It is easy for contemporary readers to be put off by the unapologetic elitism of José Ortega y Gasset in The Revolt of the Masses. Ortega’s book, first published in 1930 in Spain, details the emergence and lays out the defining characteristics of the subject produced by hypertrophied democracy, the mass man. The mass man, who is the product of the prosperity and ease produced by industrialization, is born into a complex and highly refined civilization that he nevertheless believes to be a “spontaneous and self-producing as Nature (64)” Mass man, in other words, is a barbarian or primitive who takes for granted the intellectual labors and historical struggles that underpin the technological breakthroughs of the modern age. He manipulates and uses the instruments of the industrial age as though they were magic wands or flying carpets. The stunning advancement of scientific progress have given rise to a human type that takes for granted the conveniences and affluence that such technological achievements have made possible, remaining steadfastly oblivious to the “artificial, almost incredible character of civilization.”
The mass man is defined by three main interlocking traits:
1. His existence, being free of burdensome constraints and excessive hardship, leads him to believe that this situation of ease and abundance is normal and that, moreover, he is entitled to his conditions of life remaining so.
2. He derives a sense of power and success from this impression, so that he regards himself as content. He is self-satisfied, “delighted with himself” (45). His self-satisfaction and essential complacency lead him to reject any “external court of appeal” (70). He thus feels that his opinions are in no way inferior to those of any other individual, and therefore that he has the right to hold an opinion against any evidence of knowledge or evidence that might contradict it. In other words, learning and wisdom cease to be intelligible for him, since these terms imply that opinions must become subject to the judgment of higher principles.
3. Mass man, in rejecting any higher principle of authority beyond himself, looks naturally to action as the means to resolving conflicts. Taking action means imposing the truth he has found in his opinions directly on the world, disregarding thereby the existence of other ideas and the human beings who espouse them.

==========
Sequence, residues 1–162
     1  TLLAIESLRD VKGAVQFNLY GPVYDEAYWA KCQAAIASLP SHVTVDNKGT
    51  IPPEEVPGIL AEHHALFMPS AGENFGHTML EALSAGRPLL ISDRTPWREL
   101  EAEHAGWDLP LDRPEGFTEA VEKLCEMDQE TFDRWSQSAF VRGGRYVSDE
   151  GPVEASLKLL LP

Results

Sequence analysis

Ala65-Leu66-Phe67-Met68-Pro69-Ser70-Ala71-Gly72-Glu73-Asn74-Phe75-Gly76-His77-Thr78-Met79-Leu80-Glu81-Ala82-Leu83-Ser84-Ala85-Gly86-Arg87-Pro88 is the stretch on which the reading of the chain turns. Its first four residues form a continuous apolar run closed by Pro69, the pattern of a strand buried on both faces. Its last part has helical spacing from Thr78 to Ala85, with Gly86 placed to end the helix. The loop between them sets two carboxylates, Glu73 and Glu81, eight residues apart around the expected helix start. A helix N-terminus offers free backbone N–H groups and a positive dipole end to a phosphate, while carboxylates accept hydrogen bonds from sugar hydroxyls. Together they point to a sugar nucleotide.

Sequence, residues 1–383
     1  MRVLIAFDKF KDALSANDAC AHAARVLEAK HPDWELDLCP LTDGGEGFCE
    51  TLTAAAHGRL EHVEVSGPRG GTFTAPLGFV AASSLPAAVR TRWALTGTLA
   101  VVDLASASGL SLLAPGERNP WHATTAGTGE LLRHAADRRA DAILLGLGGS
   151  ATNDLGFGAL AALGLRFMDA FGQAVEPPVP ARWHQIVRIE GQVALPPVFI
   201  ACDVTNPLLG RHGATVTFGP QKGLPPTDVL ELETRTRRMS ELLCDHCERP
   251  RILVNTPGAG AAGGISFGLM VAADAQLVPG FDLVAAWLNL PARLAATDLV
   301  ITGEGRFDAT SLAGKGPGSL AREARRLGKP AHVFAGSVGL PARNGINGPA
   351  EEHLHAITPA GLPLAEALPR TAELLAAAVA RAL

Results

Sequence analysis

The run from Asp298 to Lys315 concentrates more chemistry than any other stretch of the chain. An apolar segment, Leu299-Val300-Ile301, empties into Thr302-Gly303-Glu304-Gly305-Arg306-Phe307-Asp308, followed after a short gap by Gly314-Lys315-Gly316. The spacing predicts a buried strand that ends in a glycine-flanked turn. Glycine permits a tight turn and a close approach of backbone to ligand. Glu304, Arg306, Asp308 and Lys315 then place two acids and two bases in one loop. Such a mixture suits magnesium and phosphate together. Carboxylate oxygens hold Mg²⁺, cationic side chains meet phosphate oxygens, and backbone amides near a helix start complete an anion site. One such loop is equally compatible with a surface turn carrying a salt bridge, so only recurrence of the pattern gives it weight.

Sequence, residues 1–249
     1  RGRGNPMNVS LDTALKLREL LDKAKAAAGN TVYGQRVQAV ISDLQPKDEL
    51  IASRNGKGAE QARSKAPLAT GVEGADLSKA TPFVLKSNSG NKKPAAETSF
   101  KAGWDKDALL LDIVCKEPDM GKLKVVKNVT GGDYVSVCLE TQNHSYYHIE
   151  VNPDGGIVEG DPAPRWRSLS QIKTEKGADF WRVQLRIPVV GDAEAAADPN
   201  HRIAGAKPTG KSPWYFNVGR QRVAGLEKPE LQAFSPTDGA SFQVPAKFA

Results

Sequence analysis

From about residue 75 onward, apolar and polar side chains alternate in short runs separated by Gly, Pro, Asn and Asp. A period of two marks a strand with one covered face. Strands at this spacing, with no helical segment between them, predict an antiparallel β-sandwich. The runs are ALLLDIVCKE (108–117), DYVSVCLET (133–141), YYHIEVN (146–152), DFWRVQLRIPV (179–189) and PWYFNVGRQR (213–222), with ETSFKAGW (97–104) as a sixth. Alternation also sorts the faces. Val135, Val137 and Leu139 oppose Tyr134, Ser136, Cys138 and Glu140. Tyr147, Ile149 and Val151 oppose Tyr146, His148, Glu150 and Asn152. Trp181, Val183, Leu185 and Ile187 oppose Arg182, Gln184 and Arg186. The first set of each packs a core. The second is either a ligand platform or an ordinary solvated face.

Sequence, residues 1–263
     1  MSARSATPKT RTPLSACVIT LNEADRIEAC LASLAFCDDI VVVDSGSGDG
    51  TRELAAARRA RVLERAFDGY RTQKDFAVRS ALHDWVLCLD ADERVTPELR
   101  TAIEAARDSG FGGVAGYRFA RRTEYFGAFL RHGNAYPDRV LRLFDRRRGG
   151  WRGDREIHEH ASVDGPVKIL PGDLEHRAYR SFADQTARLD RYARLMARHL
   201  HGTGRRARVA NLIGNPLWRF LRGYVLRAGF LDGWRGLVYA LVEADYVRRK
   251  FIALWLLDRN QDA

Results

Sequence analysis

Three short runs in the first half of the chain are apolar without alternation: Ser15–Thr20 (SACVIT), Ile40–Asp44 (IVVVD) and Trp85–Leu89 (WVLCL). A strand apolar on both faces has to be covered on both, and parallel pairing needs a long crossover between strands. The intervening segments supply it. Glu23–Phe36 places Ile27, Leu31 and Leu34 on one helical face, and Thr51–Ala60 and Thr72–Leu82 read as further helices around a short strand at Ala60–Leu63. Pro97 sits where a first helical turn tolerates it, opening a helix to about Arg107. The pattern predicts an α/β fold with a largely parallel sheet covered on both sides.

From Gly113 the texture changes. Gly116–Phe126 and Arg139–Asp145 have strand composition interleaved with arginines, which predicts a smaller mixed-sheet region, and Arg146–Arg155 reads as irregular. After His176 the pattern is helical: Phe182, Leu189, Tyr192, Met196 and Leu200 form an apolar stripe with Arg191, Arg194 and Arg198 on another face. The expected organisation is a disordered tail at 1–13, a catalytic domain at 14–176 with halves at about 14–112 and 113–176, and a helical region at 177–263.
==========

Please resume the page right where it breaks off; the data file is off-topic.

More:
In theorizing the emergence of this new human type, Ortega y Gasset had in mind the supporters of mass ideological movements of fascism and Bolshevism, though at this point, he could deride fascism and its followers as something of a joke, a kind of nihilistic venting at liberty by small-minded and petty individuals whose attack on parliamentary democracy depended on their conviction that political liberty was ultimately ineradicable. That is to say, their hatred of democracy rested on the belief that they could in the end do nothing to overturn it — a catastrophic faith indeed. But Ortega’s insight does not pertain only to fascist or other authoritarian political systems, rather it points to a troubling dynamic within democracy itself: the tendency to level any and all distinctions.
Ortega, in defending authority, does not fall back on the distinction between rich and poor, or between the hereditary aristocracy, which he ridicules for being wasteful and feeble-minded. Rather, authority is bound up with the recognition of merit as such, which in philosophic terms takes the form of the search for truth. The superior man, as distinguished from the common or mass man, is the individual who puts his life at the service of a higher principle that places great demands on him. It is instructive to quote at length Ortega’s striking comparison of the two types: